module and load it with 'sudo modprobe xfs'. Most of the distributions will
have these filesystems already in the kernel/as module.
2. Create TEST device:
- format as the filesystem type you wish to test.
- should be at least 10GB in size.
- optionally populate with destroyable data.
- device contents may be destroyed.
3. (optional) Create SCRATCH device.
- many tests depend on the SCRATCH device existing.
- not need to be formatted.
- should be at least 10GB in size.
- must be different to TEST device.
- device contents will be destroyed.
4. (optional) Create SCRATCH device pool.
- needed for BTRFS testing
- specifies 3 or more independent SCRATCH devices via the SCRATCH_DEV_POOL
variable e.g SCRATCH_DEV_POOL="/dev/sda /dev/sdb /dev/sdc"
- device contents will be destroyed.
- SCRATCH device should be left unset, it will be overridden
by the SCRATCH_DEV_POOL implementation.
5. Copy local.config.example to local.config and edit as needed. The TEST_DEV
and TEST_DIR are required.
6. (optional) Create fsgqa test users and groups:
$ sudo useradd -m fsgqa
$ sudo useradd 123456-fsgqa
$ sudo useradd fsgqa2
$ sudo groupadd fsgqa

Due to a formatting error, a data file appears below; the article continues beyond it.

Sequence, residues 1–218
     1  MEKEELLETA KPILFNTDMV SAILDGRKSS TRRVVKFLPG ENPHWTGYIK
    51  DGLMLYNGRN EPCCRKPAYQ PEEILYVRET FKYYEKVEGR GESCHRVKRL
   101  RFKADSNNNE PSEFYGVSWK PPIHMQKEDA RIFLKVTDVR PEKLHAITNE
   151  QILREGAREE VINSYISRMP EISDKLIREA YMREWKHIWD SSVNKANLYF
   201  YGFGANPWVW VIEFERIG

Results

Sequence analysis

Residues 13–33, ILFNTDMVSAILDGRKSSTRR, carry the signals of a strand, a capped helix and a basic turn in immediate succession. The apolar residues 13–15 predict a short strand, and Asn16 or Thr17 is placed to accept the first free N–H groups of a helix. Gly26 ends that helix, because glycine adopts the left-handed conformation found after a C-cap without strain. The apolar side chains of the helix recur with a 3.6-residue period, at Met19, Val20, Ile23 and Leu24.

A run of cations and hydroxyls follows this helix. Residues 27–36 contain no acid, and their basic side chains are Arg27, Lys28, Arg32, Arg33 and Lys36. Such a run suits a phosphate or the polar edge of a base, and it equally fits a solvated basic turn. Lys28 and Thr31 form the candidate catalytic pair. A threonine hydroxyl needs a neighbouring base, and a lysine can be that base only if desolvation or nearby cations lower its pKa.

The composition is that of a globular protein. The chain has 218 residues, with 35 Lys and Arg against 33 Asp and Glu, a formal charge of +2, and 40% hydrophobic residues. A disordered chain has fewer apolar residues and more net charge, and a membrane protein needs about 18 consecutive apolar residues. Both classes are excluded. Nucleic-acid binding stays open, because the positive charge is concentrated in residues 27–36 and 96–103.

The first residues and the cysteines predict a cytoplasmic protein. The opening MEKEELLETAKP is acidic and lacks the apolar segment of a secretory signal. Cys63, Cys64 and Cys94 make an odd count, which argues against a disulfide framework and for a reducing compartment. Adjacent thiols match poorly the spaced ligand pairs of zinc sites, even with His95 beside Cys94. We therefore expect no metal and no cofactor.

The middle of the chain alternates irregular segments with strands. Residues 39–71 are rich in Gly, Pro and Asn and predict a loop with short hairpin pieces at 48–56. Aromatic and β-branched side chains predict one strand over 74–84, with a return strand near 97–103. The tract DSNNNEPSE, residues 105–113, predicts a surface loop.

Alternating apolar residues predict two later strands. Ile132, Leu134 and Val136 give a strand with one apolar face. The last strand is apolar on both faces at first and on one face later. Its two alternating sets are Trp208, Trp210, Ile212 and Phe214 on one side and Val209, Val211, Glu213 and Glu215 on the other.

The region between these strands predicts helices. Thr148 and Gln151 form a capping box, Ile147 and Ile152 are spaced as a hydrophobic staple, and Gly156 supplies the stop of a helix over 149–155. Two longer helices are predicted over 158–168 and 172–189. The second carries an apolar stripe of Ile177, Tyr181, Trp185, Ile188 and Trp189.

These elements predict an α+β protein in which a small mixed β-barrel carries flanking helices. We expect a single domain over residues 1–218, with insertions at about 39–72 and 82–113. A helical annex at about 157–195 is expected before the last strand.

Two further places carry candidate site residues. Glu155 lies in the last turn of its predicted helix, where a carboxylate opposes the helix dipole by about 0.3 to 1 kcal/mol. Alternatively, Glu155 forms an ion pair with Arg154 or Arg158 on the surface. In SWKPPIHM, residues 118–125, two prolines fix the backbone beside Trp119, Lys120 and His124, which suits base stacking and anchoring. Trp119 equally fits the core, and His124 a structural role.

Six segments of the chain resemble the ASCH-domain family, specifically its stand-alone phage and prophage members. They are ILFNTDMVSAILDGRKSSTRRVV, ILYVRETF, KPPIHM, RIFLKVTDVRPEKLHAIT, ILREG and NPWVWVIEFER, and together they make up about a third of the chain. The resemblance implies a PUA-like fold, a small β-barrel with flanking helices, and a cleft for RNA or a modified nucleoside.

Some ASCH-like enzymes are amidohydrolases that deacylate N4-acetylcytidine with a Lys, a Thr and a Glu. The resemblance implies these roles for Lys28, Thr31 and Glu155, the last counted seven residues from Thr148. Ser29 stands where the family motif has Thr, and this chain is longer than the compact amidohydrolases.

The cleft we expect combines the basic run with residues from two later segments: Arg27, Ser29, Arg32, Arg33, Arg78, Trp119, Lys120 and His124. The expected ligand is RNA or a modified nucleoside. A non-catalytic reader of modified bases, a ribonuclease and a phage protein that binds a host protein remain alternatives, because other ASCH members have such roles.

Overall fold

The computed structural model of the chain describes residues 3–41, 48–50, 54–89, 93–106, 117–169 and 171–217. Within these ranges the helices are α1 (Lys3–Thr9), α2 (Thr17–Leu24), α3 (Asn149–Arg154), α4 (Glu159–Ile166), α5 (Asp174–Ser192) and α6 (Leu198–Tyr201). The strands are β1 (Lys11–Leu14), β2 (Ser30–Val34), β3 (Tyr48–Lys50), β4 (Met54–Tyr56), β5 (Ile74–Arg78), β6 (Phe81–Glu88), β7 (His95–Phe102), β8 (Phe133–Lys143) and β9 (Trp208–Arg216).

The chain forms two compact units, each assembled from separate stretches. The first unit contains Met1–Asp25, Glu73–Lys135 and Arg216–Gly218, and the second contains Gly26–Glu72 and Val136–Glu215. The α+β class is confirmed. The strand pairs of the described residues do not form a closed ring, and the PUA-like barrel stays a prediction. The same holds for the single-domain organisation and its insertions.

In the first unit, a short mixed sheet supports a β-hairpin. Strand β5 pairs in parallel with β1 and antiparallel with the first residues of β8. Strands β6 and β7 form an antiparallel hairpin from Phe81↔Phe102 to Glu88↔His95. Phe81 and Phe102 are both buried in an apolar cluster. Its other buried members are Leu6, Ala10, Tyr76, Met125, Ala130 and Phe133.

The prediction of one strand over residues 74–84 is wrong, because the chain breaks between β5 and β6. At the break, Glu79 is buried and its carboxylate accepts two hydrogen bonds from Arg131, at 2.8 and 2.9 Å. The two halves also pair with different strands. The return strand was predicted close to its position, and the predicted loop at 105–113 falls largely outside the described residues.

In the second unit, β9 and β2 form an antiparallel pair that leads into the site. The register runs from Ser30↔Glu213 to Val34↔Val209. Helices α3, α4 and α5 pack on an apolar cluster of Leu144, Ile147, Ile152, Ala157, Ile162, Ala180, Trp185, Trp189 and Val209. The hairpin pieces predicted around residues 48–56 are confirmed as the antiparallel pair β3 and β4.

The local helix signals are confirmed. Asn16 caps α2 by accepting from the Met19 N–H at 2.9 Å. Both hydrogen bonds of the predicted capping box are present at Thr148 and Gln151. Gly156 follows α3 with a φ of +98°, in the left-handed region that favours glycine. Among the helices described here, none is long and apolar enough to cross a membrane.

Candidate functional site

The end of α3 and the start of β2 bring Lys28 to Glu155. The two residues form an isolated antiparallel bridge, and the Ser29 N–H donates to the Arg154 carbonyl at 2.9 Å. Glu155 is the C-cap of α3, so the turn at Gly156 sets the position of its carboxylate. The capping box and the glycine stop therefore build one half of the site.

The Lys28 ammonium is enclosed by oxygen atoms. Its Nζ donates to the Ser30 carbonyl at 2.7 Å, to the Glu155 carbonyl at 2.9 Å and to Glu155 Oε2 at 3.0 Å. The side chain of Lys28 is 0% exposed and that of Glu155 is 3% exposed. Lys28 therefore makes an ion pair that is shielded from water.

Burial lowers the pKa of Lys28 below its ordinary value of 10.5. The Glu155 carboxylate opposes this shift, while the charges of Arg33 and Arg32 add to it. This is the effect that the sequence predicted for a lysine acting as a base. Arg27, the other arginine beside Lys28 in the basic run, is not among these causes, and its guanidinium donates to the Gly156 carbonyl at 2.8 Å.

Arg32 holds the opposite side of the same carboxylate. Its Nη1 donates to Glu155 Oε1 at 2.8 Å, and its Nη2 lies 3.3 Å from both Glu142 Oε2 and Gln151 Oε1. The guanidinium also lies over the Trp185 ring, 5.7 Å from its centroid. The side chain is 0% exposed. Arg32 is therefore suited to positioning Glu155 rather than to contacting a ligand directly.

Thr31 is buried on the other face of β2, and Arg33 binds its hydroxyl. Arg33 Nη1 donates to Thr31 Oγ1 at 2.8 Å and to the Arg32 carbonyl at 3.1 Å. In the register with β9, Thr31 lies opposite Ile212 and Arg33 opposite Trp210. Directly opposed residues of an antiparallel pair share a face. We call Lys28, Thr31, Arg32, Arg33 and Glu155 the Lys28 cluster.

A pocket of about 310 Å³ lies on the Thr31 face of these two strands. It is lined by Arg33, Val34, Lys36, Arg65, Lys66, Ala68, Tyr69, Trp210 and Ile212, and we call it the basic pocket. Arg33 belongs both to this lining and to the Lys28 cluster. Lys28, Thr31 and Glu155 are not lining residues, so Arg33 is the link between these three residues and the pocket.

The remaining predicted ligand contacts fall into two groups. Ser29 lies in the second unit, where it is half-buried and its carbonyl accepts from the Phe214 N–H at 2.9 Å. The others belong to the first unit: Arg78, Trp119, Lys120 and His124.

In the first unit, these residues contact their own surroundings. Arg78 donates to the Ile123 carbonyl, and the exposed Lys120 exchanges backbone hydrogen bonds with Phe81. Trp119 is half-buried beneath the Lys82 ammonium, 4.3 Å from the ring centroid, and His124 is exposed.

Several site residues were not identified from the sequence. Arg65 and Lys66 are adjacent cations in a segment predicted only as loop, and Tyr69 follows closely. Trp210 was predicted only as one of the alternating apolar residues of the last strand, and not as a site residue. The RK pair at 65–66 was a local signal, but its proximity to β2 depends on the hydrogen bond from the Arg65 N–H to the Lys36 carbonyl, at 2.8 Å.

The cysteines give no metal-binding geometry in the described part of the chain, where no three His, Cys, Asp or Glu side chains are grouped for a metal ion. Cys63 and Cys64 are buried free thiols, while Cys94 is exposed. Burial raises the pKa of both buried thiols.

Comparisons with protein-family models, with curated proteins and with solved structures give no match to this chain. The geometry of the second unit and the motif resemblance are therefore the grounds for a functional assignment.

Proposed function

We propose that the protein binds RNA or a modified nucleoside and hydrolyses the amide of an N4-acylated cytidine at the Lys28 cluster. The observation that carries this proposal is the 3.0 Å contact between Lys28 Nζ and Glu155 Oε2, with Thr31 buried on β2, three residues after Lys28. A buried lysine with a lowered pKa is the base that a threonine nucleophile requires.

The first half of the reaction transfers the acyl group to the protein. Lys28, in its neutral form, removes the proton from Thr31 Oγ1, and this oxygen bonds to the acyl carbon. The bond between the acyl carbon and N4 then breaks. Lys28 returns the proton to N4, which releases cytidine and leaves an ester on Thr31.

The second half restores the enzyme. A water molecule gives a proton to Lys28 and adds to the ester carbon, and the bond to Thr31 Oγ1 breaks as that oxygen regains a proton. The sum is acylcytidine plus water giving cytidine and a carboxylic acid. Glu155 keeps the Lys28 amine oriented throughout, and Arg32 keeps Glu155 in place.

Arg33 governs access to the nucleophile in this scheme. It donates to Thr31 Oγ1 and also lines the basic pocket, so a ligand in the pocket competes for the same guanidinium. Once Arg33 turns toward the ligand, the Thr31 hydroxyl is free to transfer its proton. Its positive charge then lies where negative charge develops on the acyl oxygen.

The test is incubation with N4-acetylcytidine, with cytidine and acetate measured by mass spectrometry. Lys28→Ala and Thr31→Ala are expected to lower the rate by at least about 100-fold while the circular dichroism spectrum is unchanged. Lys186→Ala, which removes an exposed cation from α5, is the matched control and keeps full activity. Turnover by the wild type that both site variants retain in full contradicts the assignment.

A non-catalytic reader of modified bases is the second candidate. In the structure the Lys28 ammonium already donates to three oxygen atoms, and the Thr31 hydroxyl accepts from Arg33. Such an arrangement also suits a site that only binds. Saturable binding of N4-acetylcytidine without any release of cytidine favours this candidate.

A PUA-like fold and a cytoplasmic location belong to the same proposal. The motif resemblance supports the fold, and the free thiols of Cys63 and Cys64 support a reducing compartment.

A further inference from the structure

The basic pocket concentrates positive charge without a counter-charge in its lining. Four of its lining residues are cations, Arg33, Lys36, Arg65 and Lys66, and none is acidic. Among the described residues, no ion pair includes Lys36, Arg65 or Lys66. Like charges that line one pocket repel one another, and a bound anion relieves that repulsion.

The "123456-fsgqa" user creation step can be safely skipped if your system
doesn't support names starting with digits, only a handful of tests require
7. (optional) If you wish to run the udf components of the suite install
mkudffs. Also download and build the Philips UDF Verification Software from, then copy the udf_test
binary to xfstests/src/.
For example, to run the tests with loopback partitions:
# xfs_io -f -c "falloc 0 10g" test.img
# xfs_io -f -c "falloc 0 10g" scratch.img
# mkfs.xfs test.img
# losetup /dev/loop0 ./test.img
# losetup /dev/loop1 ./scratch.img
# mkdir -p /mnt/test && mount /dev/loop0 /mnt/test
# mkdir -p /mnt/scratch
The config for the setup above is:
$ cat local.config
export TEST_DEV=/dev/loop0
export TEST_DIR=/mnt/test
export SCRATCH_DEV=/dev/loop1
export SCRATCH_MNT=/mnt/scratch
From this point you can run some basic tests, see 'USING THE FSQA SUITE' below.
Additional Setup
Some tests require additional configuration in your local.config. Add these